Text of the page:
His warm, sunshine vocals are unbelievably timeless and comforting. The track is a fusion of beauty and high vibe sounds in friendly acoustic strums, passionate drums, ripples of echoed electric guitar and a dip into Byrd’s dream-neo-pop utopia. The music video for “Mountain” is a site to not be missed. Whirls of pastel orange skies, the glistening ocean and stunning frames of Danish dancer Nana Anine combine to make it fabulously awe-inspiring and moving. This song will lift you up, maybe make you cry, maybe dance and definitely find the beauty in the simplest of things. Truly humbling and a wondrous experience to listen – for sure you will have this on repeat.



:: “Hoax” – Taylor Swift ::

Emily Algar, Charlbury, Oxfordshire, UK

Don’t want no other shade of blue, but you
No other sadness in the world would do

Taylor Swift has had an obsession with the colour blue in her last three albums, from reputation right through to folklore. It seems to represent a precious sadness – a sadness you would only ever share with that one special person. “Hoax,” the closing song from folklore, has long been a favourite of mine, but hearing her talk about it in Folklore: The Long Pond Studio Sessions has given me a new appreciation of the meaning and the song itself.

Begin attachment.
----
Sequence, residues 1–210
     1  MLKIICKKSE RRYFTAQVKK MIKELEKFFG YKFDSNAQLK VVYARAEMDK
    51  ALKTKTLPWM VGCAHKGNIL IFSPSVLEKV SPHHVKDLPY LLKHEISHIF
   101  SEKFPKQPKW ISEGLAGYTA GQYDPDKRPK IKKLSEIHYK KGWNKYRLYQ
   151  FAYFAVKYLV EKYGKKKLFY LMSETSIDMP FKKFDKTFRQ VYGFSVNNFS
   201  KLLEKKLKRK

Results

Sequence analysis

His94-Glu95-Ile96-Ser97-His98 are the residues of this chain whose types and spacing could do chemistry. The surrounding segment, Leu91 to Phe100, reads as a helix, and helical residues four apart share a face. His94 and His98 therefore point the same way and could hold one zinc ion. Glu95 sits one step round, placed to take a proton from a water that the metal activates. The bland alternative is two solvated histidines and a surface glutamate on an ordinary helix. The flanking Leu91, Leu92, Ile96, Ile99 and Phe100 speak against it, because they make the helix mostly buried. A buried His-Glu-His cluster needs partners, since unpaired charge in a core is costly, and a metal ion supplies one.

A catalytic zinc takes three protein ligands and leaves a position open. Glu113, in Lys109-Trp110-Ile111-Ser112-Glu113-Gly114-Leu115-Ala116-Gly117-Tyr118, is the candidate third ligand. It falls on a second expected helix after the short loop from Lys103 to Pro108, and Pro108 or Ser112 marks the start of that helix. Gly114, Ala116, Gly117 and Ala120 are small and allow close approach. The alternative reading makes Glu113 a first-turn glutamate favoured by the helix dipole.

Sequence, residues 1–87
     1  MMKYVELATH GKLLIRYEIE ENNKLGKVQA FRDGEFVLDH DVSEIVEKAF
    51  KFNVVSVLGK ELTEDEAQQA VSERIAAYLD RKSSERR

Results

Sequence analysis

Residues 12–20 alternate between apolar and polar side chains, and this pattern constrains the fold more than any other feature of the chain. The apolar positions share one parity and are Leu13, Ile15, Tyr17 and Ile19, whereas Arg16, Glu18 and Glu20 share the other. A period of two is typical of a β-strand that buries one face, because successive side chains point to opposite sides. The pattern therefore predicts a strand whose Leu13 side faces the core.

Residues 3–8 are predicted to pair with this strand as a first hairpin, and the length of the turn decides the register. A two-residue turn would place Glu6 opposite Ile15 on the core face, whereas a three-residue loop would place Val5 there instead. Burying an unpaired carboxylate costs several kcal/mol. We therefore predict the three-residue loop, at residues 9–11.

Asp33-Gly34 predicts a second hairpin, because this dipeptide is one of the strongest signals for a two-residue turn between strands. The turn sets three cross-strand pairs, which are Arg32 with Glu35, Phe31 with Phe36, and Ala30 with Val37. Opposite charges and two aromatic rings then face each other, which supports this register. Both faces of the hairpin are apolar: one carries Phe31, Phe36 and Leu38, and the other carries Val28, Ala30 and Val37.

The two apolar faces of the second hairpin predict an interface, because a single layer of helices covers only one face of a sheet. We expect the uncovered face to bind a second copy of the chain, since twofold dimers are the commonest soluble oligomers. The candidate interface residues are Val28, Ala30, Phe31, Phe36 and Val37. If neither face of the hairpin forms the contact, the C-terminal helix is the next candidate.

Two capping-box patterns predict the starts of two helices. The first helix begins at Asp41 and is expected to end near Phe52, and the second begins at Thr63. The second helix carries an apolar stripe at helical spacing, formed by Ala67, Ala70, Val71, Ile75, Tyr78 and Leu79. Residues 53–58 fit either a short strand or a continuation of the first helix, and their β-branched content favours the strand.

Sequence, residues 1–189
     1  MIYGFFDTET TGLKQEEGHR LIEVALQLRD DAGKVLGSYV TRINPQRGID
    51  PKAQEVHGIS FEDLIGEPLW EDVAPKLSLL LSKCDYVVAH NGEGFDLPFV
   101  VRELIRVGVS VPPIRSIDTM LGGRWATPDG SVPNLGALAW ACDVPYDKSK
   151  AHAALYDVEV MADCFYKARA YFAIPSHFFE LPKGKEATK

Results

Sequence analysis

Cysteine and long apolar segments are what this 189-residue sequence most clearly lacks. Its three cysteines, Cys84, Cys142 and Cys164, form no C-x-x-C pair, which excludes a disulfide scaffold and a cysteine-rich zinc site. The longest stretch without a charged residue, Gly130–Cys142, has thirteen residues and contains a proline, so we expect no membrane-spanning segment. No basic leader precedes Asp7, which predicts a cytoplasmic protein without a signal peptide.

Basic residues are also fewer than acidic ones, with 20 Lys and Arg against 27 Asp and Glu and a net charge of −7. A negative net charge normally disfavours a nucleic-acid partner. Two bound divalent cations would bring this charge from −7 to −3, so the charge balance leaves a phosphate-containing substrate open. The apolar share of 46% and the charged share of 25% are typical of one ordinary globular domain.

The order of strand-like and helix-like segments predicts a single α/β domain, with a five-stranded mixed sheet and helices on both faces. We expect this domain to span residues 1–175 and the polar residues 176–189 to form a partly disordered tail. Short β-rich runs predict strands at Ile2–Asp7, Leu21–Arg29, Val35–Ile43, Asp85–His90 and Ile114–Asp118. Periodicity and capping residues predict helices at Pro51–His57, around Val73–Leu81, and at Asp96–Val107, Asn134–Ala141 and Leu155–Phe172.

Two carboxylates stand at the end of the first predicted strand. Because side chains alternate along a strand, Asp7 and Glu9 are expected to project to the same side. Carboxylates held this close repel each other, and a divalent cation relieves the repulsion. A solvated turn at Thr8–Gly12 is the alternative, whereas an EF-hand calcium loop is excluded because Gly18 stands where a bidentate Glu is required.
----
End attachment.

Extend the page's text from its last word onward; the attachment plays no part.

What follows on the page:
Love songs where it all ends in “happily ever after” tend to focus on all the positives and though that’s nice, it’s not realistic. There aren’t many songs that talk about staying when the shit hits the fan in a relationship. In ‘Hoax’ Swift sings of staying with someone even when things get difficult because there is nowhere else she would rather be, or rather, there is one else she would rather be sad with. With its haunting ambience and lone piano chords repeated over and over, creeping strings, and Swift’s vulnerable vocals, ‘Hoax’ becomes a gentle call to arms, a defiant love song to the one person you would hold hands with through the darkest night.

My only one
My kingdom come undone
My broken drum
You have beaten my heart



:: “Dancing In The Rain” – Yashua ::

Chloe Robinson, California

During this COVID-19 pandemic it is easy to feel overwhelmed by all the uncertainty. soulful pop-R&B artist Yashua hopes to offer an escape from your dark thoughts providing some hope and positivity with his new single “Dancing In The Rain.” Written in quarantine, the hypnotizing track exudes an R&B sound with a penetrating alternative edge. The powerful release reminisces on a time of pure romance and spontaneity.

The Los Angeles based talent is an eccentric artist that creates music surging with intensity. Working with prolific singer-songwriter Maejor, he is embarking on a new phase of his musical journey crafting stunning songs that break the typical molds.



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:: Weekly Roundup ::

Atwood Magazine's Weekly Roundup